Oct. 8 (UPI) -- People who are "careful and diligent" are 31% more likely to follow measures designed to contain the spread of COVID-19 than those who do not have these personality traits, according to an analysis published Thursday by the journal PLOS ONE.
Similarly, those who "have strong cooperative values and a preference for positive interpersonal relationships" are 17% more likely to comply with social distancing guidelines, the data showed.
Increasing understanding of what personality traits encourage -- and discourage -- compliance with COVID-19 guidelines such as social distancing and the wearing of face coverings in public can help governments determine the best way to implement health precautions, the researchers said.
"Governments are continuously trying to figure out how to maximize compliance with COVID-19 transmission mitigation behavioral guidelines, such as wearing masks, avoiding gatherings, washing hands, etc., and the truth is [that] there is no such a one-size-fits-all model," study co-author Ahmed M. Nofal told UPI.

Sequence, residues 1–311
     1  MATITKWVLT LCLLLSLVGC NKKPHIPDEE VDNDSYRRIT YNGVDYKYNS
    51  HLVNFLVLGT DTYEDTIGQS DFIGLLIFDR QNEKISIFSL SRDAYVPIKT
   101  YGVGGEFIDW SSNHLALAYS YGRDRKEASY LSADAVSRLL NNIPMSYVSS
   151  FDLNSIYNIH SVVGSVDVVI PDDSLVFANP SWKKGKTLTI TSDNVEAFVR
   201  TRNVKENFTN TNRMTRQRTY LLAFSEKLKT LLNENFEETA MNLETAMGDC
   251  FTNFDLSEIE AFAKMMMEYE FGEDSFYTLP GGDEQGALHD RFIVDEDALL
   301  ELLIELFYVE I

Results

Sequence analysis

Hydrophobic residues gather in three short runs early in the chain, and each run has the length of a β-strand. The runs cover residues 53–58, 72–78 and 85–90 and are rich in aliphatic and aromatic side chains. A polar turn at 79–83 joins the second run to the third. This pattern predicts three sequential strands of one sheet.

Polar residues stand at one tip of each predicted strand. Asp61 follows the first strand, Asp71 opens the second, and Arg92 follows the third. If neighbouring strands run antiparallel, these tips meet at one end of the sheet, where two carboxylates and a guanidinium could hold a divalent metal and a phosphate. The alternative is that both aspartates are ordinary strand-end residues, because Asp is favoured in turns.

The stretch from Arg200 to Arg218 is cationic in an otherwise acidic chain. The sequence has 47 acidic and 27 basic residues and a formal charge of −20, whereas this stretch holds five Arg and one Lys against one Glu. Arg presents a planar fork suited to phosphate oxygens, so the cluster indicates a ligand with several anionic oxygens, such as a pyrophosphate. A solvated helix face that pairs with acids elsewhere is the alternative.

"We encourage governments to trigger people's predispositions towards specific personality traits -- for example, to boost citizens' sense of belonging and obligation to their communities -- which has been suggested to develop conscientiousness," said Nofal, an assistant professor of entrepreneurship at the Emlyon Business School in France.
A study published last month, also in PLOS ONE, found that older adults in the United States were more likely to comply with social distancing measures.
Although that study also observed that the majority of Americans -- 65% -- were adhering to guidelines, a sizeable minority -- 35% -- were not.
For the new research, Nofal and his colleagues surveyed 8,548 Japanese adults aged 20 to 64 years on their compliance with measures designed to contain the spread of COVID-19.
The researchers also assessed respondents' individual personalities using the Ten Item Personality Inventory, a tool designed to identify specific traits and characteristics based on a number of measures.
In addition to people who are careful and conscientious and more agreeable and cooperative, those more "open to experiences" -- or who value "creativity, innovation and intellectual stimulation" -- are 19% more likely to comply with measures designed to limit COVID-19 spread than others, the data showed.
Conversely, extraverts -- those who are "assertive, dominant, energetic, active, talkative, impulsive and enthusiastic" -- are 7% less likely to adhere to control measures than introverts, the researchers said.
"Assessing individuals' personalities could also be very beneficial to identify people who tend to violate the transmission mitigation behavioral guidelines," Nofal said.